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Climate change is raising temperatures , but the impact could be worse in the world’s cities . Researchers say the urban heat island effect – or the fact that cities are hotter thanks to human activity – combined with climate change could increase temperatures in urban areas by around 14.4 degrees Fahrenheit, or eight degrees Celsius, by the end of the 21st century. Three researchers led by Francisco Estrada of the Universidad Nacional Autónoma de México and the Institute of Environmental Studies projected city temperatures could rise by around five degrees Celsius due to climate change, as well as an additional two or three degrees Celsius as asphalt and concrete crowd out parks and lakes in metropolises, inducing the urban heat island effect. Such increased temperatures could impact human health and burden natural resources . Related: New NOAA tool shows how climate change will affect your neighborhood As major cities prepare for the impacts of climate change, many of them likely haven’t been considering the urban heat island effect. The researchers said many impact estimates don’t include the effect. So they drew on average planetary warming projections combined with the effect, and used data from 1,692 of Earth’s biggest cities between 1950 and 2015, to determine the economic costs of climate change. They also built their research on worse case scenarios: if carbon emissions continue to rise instead of declining. The results aren’t pretty: cities hit the hardest could lose 10.9 percent of GDP by 2100. Only around one percent of the planet’s surface is covered with cities, but the urban centers produce around 80 percent of gross world product. Around 78 percent of the energy consumed worldwide happens in cities. They also generate over 60 percent of global carbon emissions from burning fossil fuels . Cities have a chance to act on the research now – mitigating the urban heat island effect by taking actions like planting trees ; green roofs could help too. The journal Nature Climate Change published the research online this week. Via The Guardian Images via Pixabay and Wikimedia Commons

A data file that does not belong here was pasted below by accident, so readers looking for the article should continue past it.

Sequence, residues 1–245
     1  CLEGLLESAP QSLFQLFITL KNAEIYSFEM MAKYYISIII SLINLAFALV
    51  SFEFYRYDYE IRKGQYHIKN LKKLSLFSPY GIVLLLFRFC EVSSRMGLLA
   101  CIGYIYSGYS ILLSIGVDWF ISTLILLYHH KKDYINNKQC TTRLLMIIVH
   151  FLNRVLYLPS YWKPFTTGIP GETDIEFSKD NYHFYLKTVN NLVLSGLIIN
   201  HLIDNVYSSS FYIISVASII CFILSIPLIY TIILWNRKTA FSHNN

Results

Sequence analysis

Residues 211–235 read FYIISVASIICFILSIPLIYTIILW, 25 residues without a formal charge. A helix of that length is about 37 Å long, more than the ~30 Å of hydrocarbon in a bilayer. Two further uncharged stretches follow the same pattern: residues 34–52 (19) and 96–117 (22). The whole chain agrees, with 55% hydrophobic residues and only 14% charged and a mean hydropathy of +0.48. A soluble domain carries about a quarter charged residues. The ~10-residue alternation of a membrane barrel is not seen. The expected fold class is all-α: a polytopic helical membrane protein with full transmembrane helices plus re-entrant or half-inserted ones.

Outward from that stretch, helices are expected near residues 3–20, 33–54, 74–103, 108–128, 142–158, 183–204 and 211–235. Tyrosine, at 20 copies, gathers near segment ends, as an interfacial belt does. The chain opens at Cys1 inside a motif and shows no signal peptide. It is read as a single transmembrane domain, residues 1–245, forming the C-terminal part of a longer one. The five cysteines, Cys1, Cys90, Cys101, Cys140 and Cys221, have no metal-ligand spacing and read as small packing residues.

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3D-printed ovaries let infertile mice give birth

May 18, 2017 by